WASHINGTON — In an unexpected turnabout, Senate Majority Leader Chuck Schumer and Sen. Joe Manchin announced Wednesday they had reached an expansive agreement that had eluded them for months on energy and climate issues, healthcare, taxes on higher earners and corporations, and trimming of the federal debt.
For months, Manchin's opposition had blocked a larger agreement sought by President Joe Biden and other Democrats, partly on grounds that he said it would fuel rather than fight inflation.
In an abrupt announcement, he and fellow Democrat Schumer said the measure would raise $739 billion over 10 years in revenue, the biggest chunk coming from a 15% corporate minimum tax.
It would spend $369 billion on energy and climate initiatives and $64 billion to extend expiring federal subsidies for people buying health insurance. That would leave over $300 billion to reduce federal deficits over the decade.
The Senate will consider the sweeping package next week, said Schumer, D-N.Y., and Manchin, D-W.Va., who had negotiated for months and had seemed deadlocked over anything but a far smaller measure.
The announcement suddenly presented President Joe Biden and Democrats with the prospect of pushing a major achievement through Congress in the runup to November congressional elections in which Republicans have seemed strongly positioned to capture House control and possibly a majority of the Senate as well.
Tellingly, Democrats were calling the measure “The Inflation Reduction Act of 2022.” Polls show that inflation, as embodied by gasoline prices that surpassed $5 per gallon before easing, have been voters’ chief concern. For months, Manchin’s opposition to proposed, larger packages has been premised in part on his worry that it would fuel inflation.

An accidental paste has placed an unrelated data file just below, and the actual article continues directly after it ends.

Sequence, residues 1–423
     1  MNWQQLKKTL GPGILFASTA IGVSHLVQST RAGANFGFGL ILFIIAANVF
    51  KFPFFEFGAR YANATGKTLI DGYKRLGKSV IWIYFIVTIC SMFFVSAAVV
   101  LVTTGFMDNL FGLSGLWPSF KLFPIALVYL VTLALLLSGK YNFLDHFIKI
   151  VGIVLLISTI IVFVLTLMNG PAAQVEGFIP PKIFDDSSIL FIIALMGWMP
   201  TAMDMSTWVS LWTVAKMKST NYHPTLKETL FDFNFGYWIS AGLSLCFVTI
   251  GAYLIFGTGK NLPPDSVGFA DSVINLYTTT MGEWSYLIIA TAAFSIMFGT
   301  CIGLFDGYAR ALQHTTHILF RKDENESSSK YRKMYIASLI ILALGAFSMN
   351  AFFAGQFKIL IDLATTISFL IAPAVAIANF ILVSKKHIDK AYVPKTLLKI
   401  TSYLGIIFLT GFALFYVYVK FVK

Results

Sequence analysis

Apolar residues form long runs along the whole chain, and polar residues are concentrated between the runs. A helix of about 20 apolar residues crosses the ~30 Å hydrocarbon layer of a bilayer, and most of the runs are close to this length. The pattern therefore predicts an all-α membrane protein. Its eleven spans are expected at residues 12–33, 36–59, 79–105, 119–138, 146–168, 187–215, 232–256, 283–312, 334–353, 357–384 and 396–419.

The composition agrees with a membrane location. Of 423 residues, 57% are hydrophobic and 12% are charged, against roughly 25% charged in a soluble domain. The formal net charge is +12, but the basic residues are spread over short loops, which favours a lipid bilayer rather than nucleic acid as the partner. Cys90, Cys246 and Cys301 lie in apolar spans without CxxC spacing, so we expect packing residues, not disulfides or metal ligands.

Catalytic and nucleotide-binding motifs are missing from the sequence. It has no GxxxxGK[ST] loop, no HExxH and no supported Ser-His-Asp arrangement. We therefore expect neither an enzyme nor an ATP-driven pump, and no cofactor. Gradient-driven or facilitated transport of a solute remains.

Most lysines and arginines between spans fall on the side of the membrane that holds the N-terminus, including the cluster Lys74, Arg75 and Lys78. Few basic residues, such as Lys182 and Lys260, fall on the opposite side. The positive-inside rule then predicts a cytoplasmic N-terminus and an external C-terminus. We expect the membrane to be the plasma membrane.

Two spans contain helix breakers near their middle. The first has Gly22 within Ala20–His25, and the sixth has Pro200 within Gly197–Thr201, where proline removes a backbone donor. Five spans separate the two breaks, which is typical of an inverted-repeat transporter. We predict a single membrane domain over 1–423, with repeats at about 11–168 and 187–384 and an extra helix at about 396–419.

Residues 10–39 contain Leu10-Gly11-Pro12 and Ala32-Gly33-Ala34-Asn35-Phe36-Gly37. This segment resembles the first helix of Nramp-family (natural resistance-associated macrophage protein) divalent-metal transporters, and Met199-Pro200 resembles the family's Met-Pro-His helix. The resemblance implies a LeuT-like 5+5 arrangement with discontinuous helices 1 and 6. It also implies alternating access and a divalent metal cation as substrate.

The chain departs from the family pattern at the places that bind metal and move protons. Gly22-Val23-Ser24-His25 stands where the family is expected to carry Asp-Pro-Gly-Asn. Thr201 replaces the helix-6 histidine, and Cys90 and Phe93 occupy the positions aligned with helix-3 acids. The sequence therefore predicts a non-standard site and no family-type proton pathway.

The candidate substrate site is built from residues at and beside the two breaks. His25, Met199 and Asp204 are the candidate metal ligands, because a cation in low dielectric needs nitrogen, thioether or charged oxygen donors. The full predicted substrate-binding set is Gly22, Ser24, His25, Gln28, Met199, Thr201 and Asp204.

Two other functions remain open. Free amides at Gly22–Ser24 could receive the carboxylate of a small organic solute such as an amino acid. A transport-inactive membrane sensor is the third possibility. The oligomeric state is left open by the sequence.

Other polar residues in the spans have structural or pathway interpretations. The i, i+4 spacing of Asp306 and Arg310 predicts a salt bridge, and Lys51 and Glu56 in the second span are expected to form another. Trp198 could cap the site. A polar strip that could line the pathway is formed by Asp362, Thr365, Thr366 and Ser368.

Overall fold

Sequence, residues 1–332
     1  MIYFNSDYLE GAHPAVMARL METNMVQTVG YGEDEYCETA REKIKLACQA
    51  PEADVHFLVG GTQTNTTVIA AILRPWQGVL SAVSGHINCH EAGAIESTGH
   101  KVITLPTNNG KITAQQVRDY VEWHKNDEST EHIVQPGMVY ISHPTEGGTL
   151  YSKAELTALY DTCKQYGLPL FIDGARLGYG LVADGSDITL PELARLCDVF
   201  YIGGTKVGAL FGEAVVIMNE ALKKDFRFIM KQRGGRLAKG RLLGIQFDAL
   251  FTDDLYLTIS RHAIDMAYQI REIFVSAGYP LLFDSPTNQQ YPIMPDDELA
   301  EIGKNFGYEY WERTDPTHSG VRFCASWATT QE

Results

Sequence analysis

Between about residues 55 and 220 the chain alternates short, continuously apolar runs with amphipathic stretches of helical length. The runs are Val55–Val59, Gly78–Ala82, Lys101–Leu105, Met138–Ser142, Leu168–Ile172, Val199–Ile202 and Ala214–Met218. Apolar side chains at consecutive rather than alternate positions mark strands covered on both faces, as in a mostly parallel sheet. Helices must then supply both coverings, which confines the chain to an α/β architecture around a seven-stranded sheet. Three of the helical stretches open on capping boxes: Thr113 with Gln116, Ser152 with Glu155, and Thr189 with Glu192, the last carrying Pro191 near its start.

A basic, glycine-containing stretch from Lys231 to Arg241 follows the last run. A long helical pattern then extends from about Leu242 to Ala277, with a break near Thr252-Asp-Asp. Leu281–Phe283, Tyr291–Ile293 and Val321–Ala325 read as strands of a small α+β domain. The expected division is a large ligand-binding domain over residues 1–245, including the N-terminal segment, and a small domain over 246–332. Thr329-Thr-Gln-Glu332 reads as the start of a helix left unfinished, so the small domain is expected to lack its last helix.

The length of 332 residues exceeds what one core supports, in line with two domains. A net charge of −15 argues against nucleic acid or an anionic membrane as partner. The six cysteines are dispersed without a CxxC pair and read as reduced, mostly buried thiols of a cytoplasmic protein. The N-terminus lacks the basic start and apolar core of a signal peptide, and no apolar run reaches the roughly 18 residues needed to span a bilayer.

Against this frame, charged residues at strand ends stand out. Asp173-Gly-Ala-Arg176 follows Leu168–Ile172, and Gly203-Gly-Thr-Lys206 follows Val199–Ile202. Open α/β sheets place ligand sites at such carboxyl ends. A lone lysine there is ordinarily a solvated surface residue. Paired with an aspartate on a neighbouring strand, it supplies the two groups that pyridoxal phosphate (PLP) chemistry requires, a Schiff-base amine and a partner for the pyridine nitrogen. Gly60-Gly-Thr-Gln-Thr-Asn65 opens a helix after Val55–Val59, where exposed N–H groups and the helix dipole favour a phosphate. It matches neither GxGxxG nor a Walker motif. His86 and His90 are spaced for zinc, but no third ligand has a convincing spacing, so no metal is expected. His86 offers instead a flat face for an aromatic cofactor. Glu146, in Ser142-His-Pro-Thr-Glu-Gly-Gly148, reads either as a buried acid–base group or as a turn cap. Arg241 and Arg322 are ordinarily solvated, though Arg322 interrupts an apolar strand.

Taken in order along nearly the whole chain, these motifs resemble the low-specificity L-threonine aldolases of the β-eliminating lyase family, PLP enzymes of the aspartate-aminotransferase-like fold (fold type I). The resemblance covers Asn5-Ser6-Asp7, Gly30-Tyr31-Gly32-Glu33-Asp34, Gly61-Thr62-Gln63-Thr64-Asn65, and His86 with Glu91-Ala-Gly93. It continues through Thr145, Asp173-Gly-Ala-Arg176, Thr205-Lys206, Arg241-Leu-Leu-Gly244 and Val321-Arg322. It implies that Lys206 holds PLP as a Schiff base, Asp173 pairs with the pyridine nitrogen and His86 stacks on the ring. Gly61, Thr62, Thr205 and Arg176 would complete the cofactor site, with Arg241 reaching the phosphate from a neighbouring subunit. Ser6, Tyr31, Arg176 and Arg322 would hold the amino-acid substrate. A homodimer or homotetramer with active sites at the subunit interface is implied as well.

Manchin's resistance had long derailed broad legislation on the proposal's issues.
Manchin, one of the most conservative Democrats in Congress, just last week said he would only agree to far more limited legislation curbing prescription drug costs and extending federal subsidies for health care costs.
He said he was open to considering a broader compromise on environment and tax issues after Congress returned from a summer recess in September, an offer that many Democrats thought dubious.
There was no immediate explanation why Manchin had suddenly agreed to the far broader package. In December, his resistance derailed a wide-ranging $3.5 trillion, 10-year social and environment bill that was Biden’s top domestic priority.
In his statement, Manchin said the new measure “would dedicate hundreds of billions of dollars to deficit reduction by adopting a tax policy that protects small businesses and working-class Americans while ensuring that large corporations and the ultra-wealthy pay their fair share in taxes.”